Erin O'Toole and family being tested after staffer tests positive for COVID-19
Infected person was travelling with Conservative leader during leadership campaign
Conservative Leader Erin O'Toole and his family are being tested for COVID-19 today after one of his staff members tested positive for the coronavirus.
The staff member has been travelling with O'Toole.
"While he hasn't shown symptoms, Mr. O'Toole and his family are being tested out of an abundance of caution. Other staff who were travelling with Mr. O'Toole are also being tested and will be self-isolating," reads a statement from the Conservatives.
The statement said O'Toole's office is contacting everyone he's met with recently.
"My family and I are feeling well, but we take COVID-19 very seriously. Today was going to be Jack's first day back at school, but instead we will be getting tested and self-isolating per public health guidelines. The health and safety of my family and all Canadians is my top priority," reads a statement from the Conservative leader.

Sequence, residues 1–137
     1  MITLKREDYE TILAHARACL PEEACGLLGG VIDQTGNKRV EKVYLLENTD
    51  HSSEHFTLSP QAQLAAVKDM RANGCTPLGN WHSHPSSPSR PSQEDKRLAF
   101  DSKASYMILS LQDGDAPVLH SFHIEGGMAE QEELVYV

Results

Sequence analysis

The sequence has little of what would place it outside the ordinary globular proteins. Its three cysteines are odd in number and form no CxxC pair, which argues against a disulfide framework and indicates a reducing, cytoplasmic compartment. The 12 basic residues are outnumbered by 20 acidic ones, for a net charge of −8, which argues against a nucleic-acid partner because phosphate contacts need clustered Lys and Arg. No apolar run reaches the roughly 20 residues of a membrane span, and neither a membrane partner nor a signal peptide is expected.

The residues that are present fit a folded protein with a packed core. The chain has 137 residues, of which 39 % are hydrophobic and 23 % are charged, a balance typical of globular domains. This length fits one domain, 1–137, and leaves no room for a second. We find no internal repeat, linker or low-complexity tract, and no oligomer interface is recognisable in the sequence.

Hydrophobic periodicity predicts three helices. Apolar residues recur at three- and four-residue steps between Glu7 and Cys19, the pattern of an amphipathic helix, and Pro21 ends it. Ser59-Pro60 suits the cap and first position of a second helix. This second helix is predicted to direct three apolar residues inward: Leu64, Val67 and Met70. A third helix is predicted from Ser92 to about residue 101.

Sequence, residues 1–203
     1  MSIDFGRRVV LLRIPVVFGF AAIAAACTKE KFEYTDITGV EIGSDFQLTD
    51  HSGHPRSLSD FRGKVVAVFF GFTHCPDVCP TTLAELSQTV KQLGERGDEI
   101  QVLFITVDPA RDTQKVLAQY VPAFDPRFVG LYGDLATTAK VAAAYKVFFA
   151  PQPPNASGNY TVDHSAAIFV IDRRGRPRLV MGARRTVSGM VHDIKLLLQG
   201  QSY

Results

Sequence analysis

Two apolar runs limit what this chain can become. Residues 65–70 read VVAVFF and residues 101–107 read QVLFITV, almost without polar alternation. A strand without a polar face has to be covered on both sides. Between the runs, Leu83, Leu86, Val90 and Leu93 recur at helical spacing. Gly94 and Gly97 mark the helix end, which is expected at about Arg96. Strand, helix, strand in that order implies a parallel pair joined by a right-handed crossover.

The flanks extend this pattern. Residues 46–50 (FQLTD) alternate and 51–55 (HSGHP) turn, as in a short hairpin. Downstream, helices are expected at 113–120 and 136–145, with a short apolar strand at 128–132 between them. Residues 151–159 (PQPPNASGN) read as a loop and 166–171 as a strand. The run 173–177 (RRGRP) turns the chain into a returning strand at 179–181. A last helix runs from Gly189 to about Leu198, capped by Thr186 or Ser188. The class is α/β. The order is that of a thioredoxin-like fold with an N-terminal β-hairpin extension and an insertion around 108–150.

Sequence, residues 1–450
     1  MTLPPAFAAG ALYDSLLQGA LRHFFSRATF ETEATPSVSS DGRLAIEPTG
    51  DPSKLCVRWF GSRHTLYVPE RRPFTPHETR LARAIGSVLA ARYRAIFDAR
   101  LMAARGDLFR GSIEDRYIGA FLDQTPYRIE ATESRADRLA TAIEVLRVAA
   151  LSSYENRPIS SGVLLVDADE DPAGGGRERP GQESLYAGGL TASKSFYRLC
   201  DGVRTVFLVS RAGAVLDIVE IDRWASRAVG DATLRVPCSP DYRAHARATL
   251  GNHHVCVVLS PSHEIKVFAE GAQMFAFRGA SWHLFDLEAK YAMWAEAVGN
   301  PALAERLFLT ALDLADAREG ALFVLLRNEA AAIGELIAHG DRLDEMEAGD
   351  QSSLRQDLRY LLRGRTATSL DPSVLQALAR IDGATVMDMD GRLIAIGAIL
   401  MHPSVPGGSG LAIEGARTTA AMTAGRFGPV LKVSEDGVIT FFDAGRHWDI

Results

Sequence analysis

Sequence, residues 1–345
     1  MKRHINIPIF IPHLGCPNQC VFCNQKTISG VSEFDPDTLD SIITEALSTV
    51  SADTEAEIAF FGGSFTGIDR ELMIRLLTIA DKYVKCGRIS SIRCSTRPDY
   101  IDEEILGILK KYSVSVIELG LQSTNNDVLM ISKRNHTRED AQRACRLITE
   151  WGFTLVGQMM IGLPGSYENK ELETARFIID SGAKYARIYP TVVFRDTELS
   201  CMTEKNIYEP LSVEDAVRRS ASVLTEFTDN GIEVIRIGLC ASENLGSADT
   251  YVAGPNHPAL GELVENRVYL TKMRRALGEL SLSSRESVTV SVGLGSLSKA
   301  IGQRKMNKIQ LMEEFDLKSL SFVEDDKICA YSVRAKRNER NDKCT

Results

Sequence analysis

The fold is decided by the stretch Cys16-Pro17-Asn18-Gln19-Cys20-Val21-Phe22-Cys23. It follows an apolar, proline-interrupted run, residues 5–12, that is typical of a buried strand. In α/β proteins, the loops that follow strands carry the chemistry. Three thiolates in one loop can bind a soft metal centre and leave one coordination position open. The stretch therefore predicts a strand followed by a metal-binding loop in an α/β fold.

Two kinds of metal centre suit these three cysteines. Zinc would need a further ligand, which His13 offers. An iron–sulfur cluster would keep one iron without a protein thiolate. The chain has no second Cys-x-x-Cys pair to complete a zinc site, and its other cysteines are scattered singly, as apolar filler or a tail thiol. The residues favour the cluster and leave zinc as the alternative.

Bloc Québécois Leader Yves-François Blanchet is isolating alongside his wife, Nancy Déziel, after she tested positive for COVID-19.
A member of the Parliamentary Protective Service (PPS) also tested positive on Sept. 10.
WATCH | The impact of COVID-19 on Parliament Hill:
The cases come as Parliament is set to resume next week.
Health Minister Patty Hajdu said she hopes these incidents lead MPs to consider virtual voting and a hybrid model for Parliament.
"I think it's a very real concern, because of course the nature of our work means we come into contact with people who may be in contact with other people," she told a media scrum during a cabinet retreat in Ottawa today. "We travel frequently for work, we move from one zone to another."
In a closing news conference after a three-day cabinet retreat in Ottawa, Prime Minister Justin Trudeau also made the case for virtual voting, saying every MP should be able to vote on their constituents' behalf without having to travel to Ottawa.
"Everywhere across the country, people need to be careful, people need to be vigilant, people need to be attentive, people need to be listening to the best recommendations of public health," he said. "Which obviously means having 338 MPs converge on Ottawa, from every corner of the country, is probably not what we'd want to see from our leadership in this country."
WATCH / Prime Minister Justin Trudeau promotes virtual voting for MPs
In his first meeting with a premier since winning the party leadership, O'Toole sat down with Quebec Premier François Legault on Monday. Today, Legault tweeted that because O'Toole is not showing any symptoms, he represents a low-risk exposure, according to public health authorities.
Legault said he will follow public health recommendations and self-monitor for symptoms, but he is not required to self-isolate.